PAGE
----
However, this may be unethical because you are not allowing your listeners to logically consider your argument and rationally determine how they would react to your argument in absence of an emotionalappeal.
An emotionalappeal may save you the trouble of working out a good argument.
Therefore, be sure to substantiate your emotionalappeal with both logic and facts.
For example, an emotionalappeal could be used in a political rally to persuade people to vote for the candidate, especially if the vote will happen in the next few days.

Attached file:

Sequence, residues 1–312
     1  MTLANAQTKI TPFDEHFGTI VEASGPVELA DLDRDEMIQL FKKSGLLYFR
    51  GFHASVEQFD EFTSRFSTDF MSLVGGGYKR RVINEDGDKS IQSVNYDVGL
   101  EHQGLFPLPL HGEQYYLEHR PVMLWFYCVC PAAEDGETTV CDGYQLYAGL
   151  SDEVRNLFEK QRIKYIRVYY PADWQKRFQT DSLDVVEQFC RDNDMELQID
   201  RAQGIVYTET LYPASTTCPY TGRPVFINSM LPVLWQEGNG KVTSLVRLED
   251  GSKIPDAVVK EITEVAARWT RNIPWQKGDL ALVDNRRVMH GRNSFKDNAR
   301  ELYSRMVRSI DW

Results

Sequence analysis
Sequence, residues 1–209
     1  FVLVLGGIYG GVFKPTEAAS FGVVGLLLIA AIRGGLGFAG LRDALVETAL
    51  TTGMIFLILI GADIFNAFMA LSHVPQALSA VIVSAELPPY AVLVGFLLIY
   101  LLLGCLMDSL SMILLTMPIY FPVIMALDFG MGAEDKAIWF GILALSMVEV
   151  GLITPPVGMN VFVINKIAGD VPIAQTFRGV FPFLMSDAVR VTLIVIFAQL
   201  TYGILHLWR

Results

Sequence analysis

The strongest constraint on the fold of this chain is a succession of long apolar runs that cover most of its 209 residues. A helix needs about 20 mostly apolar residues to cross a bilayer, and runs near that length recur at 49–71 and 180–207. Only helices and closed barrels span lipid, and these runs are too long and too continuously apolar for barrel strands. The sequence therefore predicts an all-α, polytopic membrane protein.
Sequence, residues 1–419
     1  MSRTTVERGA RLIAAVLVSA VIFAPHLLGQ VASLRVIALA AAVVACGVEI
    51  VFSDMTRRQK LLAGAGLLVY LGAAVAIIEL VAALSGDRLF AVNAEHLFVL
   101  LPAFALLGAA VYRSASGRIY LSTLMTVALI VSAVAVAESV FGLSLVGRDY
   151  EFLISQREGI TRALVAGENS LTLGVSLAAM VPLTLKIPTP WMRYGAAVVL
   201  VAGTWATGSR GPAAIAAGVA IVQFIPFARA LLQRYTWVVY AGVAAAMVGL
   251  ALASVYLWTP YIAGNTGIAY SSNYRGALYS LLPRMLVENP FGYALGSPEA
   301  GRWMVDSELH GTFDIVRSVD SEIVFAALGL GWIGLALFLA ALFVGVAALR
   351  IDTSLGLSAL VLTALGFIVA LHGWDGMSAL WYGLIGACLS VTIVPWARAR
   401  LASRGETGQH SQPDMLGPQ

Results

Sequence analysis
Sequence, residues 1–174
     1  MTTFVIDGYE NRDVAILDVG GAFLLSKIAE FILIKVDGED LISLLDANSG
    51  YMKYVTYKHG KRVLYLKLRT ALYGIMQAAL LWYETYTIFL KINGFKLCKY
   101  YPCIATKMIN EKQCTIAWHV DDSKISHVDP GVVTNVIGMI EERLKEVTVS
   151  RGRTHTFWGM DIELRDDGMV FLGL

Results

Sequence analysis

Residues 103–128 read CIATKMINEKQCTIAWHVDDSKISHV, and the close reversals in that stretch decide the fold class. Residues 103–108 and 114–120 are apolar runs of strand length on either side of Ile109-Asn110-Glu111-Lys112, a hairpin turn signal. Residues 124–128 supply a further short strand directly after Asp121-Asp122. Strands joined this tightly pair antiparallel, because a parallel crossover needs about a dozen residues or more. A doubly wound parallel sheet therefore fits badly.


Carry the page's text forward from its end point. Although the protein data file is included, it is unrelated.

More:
In order to ethically portray an emotionalappeal, be sure to avoid these inappropriate uses and manipulative techniques for emotional appeals.
When you make emotional appeals avoid unethical tactics, such as exploitative manipulation.
Most memorable speeches have emotional appeals that audiences continue to talk about long after the speech is delivered, and sometimes even after the life of the speaker.
Unlike persuasive speeches, which rely heavily on emotionalappeal, informative speeches have to demonstrate why the audience should care about the information contained in the speech without compromising a neutral tone.